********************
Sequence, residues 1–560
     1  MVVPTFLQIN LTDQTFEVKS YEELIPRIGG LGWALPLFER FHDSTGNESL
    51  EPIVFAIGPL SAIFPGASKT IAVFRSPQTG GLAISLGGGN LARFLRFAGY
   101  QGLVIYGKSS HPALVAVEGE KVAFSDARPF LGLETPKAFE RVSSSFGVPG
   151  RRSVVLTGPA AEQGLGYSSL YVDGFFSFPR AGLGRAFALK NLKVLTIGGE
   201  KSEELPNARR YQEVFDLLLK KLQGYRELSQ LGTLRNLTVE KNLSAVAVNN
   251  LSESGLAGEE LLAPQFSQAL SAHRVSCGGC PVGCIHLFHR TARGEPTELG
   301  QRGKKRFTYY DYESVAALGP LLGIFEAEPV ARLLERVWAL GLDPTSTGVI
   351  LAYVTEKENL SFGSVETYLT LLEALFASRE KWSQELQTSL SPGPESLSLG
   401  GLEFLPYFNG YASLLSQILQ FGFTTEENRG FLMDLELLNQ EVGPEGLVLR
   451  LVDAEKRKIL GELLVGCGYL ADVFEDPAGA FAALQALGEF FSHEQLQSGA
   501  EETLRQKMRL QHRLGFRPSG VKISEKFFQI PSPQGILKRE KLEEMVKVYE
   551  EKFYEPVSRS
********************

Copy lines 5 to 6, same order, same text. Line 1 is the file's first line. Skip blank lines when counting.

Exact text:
   151  RRSVVLTGPA AEQGLGYSSL YVDGFFSFPR AGLGRAFALK NLKVLTIGGE
   201  KSEELPNARR YQEVFDLLLK KLQGYRELSQ LGTLRNLTVE KNLSAVAVNN